August 19, 2006

Dad's Best...

From now on, each day, if possible, I'm going to browse dad's archives and post something from the past that I think is worth reading again. If anyone has come across an old post that THEY think is worth re-posting, please let me know.

This one was posted on his old Gut Rumbles site.

Saturday December 29, 2001

At least I put last night to good use. I watched my beloved Georgia Bulldogs receive a disgusting ass-whipping from Boston College in the Music City Bowl, did my laundry, opened this blog site, stayed up late drinking wine and slept on the sofa. I woke up looking and feeling like Fido's ass. Now I don't know whether to make a pot of coffee and a lumberjack breakfast or just fix a very large Bloody Mary and waste this entire day.

Maybe I'll do both and finish cleaning my brand-new crackerbox house, except for my son's room, where it appears a daisycutter bomb went off, scattering GI Joes, plastic army men, assorted military equipment and one dirty sock all over the place. No, I'll just keep the door closed to that room and save the mess for the next time he visits so he can clean it up.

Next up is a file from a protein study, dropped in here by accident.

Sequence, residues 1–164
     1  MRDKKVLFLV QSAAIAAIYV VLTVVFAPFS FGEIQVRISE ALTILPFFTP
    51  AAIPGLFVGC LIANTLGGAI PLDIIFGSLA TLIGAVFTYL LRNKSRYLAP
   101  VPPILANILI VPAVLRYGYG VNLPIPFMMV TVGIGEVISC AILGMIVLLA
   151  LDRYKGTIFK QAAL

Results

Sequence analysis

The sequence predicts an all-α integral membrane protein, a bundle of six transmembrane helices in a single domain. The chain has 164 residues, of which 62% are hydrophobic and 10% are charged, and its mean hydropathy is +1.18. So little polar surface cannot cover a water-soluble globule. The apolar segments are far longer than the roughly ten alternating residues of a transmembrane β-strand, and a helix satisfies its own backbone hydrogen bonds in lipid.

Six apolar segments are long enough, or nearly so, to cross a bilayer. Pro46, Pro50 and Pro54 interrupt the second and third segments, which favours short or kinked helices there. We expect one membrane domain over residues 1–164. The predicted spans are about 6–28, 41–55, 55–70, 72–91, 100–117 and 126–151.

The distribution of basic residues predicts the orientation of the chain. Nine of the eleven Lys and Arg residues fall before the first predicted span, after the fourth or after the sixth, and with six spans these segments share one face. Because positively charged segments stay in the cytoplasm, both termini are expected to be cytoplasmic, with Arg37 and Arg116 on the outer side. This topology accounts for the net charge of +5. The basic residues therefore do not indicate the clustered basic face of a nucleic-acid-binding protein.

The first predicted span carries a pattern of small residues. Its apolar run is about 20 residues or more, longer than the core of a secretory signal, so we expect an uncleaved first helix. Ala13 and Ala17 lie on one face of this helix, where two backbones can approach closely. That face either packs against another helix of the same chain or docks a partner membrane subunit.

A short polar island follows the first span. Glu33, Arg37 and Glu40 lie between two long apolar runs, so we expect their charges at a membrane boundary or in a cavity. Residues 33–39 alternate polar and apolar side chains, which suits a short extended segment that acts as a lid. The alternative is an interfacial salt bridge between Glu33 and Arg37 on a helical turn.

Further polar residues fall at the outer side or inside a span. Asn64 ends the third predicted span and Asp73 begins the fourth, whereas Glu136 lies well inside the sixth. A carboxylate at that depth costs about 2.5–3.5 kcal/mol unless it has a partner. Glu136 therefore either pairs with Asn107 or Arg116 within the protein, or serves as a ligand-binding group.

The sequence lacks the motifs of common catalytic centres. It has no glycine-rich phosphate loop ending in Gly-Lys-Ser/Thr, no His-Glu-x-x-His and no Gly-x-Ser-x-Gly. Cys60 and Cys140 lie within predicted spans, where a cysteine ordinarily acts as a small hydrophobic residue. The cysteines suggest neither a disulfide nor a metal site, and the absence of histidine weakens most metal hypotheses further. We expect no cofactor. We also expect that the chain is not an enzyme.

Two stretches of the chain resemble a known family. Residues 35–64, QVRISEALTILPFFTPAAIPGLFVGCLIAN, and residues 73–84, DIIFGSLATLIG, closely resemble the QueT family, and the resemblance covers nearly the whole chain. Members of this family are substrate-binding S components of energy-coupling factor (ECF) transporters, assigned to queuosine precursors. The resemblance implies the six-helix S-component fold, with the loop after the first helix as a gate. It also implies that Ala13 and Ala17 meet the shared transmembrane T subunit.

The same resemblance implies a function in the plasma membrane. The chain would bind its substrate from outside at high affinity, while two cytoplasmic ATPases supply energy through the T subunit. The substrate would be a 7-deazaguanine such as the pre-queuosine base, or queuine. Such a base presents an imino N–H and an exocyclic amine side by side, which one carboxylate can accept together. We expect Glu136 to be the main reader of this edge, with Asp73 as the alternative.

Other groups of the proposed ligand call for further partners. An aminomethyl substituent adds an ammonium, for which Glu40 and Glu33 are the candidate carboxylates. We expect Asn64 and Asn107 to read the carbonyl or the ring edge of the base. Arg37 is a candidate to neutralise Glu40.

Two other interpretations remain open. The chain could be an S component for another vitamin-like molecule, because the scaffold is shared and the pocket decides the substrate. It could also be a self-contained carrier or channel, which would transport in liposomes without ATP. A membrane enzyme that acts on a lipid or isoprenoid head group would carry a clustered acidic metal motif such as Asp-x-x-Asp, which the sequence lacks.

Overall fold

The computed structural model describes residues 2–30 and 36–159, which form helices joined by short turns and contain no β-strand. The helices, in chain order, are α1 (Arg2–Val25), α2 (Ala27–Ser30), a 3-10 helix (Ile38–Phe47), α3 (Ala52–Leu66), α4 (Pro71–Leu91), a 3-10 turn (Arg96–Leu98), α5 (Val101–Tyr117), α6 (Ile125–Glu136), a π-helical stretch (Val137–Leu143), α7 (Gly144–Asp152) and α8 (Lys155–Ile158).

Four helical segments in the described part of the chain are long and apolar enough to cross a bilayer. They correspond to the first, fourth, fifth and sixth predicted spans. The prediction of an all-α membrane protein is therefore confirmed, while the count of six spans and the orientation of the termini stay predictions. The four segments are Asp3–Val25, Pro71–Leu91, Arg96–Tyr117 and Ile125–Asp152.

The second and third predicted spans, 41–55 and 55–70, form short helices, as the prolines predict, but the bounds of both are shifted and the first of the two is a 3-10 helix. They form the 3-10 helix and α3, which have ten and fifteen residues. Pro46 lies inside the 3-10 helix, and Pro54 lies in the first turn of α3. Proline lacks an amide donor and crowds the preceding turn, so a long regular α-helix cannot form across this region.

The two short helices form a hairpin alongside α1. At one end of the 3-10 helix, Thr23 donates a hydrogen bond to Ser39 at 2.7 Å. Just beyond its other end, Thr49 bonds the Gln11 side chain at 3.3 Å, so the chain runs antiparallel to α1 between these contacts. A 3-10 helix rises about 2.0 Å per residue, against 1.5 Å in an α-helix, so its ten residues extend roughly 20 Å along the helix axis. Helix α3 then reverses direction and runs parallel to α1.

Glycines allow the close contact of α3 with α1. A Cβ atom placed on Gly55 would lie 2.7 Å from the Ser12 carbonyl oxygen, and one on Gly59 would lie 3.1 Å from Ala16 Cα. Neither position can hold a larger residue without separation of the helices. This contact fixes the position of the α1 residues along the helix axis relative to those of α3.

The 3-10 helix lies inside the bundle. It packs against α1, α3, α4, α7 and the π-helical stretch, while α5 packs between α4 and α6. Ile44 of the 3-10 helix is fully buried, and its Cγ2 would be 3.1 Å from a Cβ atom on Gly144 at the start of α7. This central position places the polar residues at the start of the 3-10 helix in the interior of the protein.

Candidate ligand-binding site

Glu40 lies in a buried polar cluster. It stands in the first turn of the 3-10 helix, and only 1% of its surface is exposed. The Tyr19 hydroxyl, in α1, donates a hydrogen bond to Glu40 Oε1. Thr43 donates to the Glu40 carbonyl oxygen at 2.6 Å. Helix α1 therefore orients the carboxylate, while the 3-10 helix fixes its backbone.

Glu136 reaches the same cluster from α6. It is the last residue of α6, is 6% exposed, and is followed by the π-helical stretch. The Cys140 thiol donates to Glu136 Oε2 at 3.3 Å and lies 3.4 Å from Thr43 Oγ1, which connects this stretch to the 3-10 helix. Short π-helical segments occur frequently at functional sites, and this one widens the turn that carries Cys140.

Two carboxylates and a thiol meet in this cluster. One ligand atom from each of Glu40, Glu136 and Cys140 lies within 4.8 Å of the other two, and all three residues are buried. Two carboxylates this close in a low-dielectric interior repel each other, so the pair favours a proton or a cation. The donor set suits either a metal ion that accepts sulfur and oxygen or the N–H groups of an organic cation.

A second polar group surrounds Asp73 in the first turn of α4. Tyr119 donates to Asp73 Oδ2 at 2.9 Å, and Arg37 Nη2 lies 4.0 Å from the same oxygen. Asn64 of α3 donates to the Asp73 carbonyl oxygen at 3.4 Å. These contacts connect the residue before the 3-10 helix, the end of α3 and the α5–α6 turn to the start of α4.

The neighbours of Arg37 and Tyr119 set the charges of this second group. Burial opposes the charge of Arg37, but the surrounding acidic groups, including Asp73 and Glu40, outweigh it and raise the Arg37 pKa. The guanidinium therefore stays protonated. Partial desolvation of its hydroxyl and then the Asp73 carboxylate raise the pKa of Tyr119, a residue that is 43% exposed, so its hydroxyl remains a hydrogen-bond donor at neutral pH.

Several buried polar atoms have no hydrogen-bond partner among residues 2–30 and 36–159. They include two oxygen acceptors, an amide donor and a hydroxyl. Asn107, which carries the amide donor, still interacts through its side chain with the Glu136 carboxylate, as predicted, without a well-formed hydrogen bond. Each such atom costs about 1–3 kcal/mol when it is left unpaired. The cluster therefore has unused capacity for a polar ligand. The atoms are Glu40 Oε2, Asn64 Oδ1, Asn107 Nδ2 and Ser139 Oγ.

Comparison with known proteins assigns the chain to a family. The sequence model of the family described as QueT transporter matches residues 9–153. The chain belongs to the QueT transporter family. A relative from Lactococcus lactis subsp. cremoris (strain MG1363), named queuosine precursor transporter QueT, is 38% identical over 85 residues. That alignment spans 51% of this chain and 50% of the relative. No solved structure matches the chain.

Maybe I'll break out my new collection of hypodermic needles and the magic elixer and give myself a crank injection. No, not the drug "crank," but an injection IN my crank. It's a long story, partially told below.

Before my bloodless cunt of an ex-wife started screwing her unemployed, dope-smoking lover and divorced me, I had a 3,200 square foot home on five acres of land, with four goats, 28 chickens, 3 dogs, 2 cats, and a half-acre garden. It was a genuine country estate, located more than a mile down a dirt road off Highway 30. I loved it there, not only because I could tend my animals, collect fresh eggs every day and pretend to be a farmer, but also because I could piss off my back porch any time I wanted to without worrying about being seen. Of course, I sometimes do that now, and even though I don't WORRY about being seen, I probably am.